I have known Casca on Facebook for sometime and I guess we became friends because after scanning his profile I saw we share a lot of things, a lot. He loves to read and to talk about them. Then we met at one of the monthly Writers Project of Ghana's book discussions for the first time.
About Casca Amanquah Hackman: Casca 'Comrade' Amanqua Hackman is a graduate of the Universtiy of Ghana, a former school teacher and past editor of the Golden World Magazine. His short stories and articles have been published in Daily Graphic and Mirror.
Below is Casca's top ten African books. Note that I have linked the titles and authors to posts within ImageNations, where available. My views and his might not be the same and so beware when reading and judging them.
Yes, a good book is a good book, and it’s enjoyed anywhere; yet it's enjoyed better by persons who find the setting, characters and themes familiar. There are good books from Africa too. And so, as an African, reading African stories are most convenient to me, primarily because the environment, challenges and events are familiar, and so I find it easy to adopt the story as mine and also understand the messages naturally.
There is a vast array of African books. I know that as I read more, the list is likely to change, but for now these are my top ten in no particular order.
MATIGARI (Ngugi wa Thiong'o). I am fond of the main character of this book, Matigari ma Njiruungi. Personally, I share his conviction for justice and his abhorrence for oppression. It has a strong message for the capitalist system that has made indigenous people slaves in their own land.
HEAD ABOVE WATER (Buchi Emecheta). Of course Buchi Emecheta has always written from her personal experiences and in this autobiography she delves deeper into her roots, to the extent of even going as far back as the period before she was born. From her native town of Ibuza, through her luck in getting admission at the Methodist High School, her marriage at sixteen and sojourn to England, she has chronicled her life in 33 beautiful chapters. I can only say her life has been a miracle.
DIPLOMATIC POUNDS AND OTHER STORIES (Ama Ata Aidoo). Released just last year, this book contains twelve thoughtful short stories. Women are at the center as usual. It’s a blend of the success, challenges and expectations, whether reasonable or not, that stare at women both home and abroad.
NO LONGER AT EASE (Chinua Achebe). Obi Okonkwo, the grandson of the famous Okonkwo of Things Fall Apart, is not able to escape the trap that Africans who had returned from studying abroad in pre-independence Nigeria had set for themselves. The economic and social expectations that welcomed him back home to Nigeria from studying in England, corrupts him against his own stance on morality. Although, it lives under the shadow of Things Fall Apart, its prophetic occurrence is not invisible.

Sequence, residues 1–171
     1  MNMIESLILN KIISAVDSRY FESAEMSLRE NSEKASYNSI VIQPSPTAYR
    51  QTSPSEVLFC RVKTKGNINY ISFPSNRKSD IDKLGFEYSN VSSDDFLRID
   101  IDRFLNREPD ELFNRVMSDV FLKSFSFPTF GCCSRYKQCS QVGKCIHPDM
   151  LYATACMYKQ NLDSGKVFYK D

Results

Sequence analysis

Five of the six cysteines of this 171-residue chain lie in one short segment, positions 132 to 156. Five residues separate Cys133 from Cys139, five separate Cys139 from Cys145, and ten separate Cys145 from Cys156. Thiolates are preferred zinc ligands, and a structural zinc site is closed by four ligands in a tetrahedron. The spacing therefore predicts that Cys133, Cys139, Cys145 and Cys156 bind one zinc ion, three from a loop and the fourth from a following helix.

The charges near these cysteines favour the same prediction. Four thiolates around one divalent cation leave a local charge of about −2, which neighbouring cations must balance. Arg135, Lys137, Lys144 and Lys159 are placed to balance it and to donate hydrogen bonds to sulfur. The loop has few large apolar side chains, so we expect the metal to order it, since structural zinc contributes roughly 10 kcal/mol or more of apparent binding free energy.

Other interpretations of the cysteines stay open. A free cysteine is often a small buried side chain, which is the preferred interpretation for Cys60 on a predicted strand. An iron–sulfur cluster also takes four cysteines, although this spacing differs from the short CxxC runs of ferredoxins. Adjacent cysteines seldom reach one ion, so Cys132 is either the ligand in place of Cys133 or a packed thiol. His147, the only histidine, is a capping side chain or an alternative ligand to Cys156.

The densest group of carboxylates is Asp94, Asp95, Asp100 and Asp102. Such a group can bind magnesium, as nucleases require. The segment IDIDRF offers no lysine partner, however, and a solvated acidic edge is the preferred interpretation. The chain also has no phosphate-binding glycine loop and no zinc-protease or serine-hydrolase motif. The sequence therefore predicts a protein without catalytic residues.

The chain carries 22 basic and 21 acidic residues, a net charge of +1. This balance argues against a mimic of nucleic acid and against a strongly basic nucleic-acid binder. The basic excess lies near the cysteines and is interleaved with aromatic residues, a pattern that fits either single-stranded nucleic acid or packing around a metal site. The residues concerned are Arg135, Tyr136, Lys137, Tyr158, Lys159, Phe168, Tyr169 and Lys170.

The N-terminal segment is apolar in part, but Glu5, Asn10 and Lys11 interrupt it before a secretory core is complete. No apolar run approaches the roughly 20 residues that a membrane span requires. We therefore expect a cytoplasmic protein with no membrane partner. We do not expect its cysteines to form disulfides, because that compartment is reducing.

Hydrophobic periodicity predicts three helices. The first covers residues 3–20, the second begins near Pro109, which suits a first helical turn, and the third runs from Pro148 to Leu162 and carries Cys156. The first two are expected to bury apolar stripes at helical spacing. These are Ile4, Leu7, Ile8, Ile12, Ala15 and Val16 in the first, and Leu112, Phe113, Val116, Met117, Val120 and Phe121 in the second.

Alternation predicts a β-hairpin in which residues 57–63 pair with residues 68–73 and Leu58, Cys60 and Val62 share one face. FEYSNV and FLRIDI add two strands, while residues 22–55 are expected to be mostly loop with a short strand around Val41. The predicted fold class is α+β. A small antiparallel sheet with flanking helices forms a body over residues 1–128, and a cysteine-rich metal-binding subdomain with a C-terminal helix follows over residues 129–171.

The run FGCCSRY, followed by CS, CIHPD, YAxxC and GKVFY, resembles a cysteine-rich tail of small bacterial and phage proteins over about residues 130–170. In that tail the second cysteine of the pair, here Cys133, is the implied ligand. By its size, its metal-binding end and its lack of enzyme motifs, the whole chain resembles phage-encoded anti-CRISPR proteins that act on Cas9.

MY FIRST COUP D'ETAT (John Dramani Mahama). It’s great to have political leaders writing their stories. Objectively, it helps the follower to know who their leader is and better assess his actions and ideas. Eighteen compelling chapters under different titles make this fine book. Mahama takes us through a tough and unforgettable journey from Damongo through Accra, Tamale, Nigeria and Russia. It’s an autobiography with very serious historical, social and political information that has either been hidden or misquoted all this while.
NEIGHBOURS (Lilia Momple). Have I heard any good thing about apartheid? This sad account of innocent people caught up in a bloody conspiracy they have nothing to do with adds up to all the evil of apartheid. In a quest to destabilize Mozambique, where ANC exiles were operating from, the South African government launches vicious campaigns, and peaceful people like Narguiss are caught up in the conspiracy they have nothing to do with. It’s an emotional story with a straight lesson; the fact that you don’t want trouble doesn't mean trouble wouldn't come your way.
THE THING AROUND YOUR NECK (Chimamanda Ngozie Adichie). Twelve nice short stories set in both Nigeria and USA, in which the complexities of love, career and many others are exposed to unexpected minds. The messages are straight and binding.
SO LONG A LETTER (Mariama Ba). It’s the most moving and emotional book I have read. This book can be placed alongside Buchi Emecheta’s Head Above Water, because of its candidness and emotional evocations. The style is skillful and the language is like music to the mind.
THE MEMORY OF LOVE (Aminatta Forna). Even in times of war and quagmire, people always fall in love. The difficult decisions to make and the complications in such situations are strongly highlighted by Aminatta in this lengthy novel. The style is subtle yet the theme is terse.
GATHERING SEAWEED (Jack Mapanje). All what we need to know about African freedom fighters are in this book. Even knowing the personal account of people like Kwame Nkrumah, Nelson Mandela, Ngugi wa Thiongo and many others is gratifying enough. In this collection, we have deeper insight into the challenges of fighting to free natives and lands from oppression and foreign rule.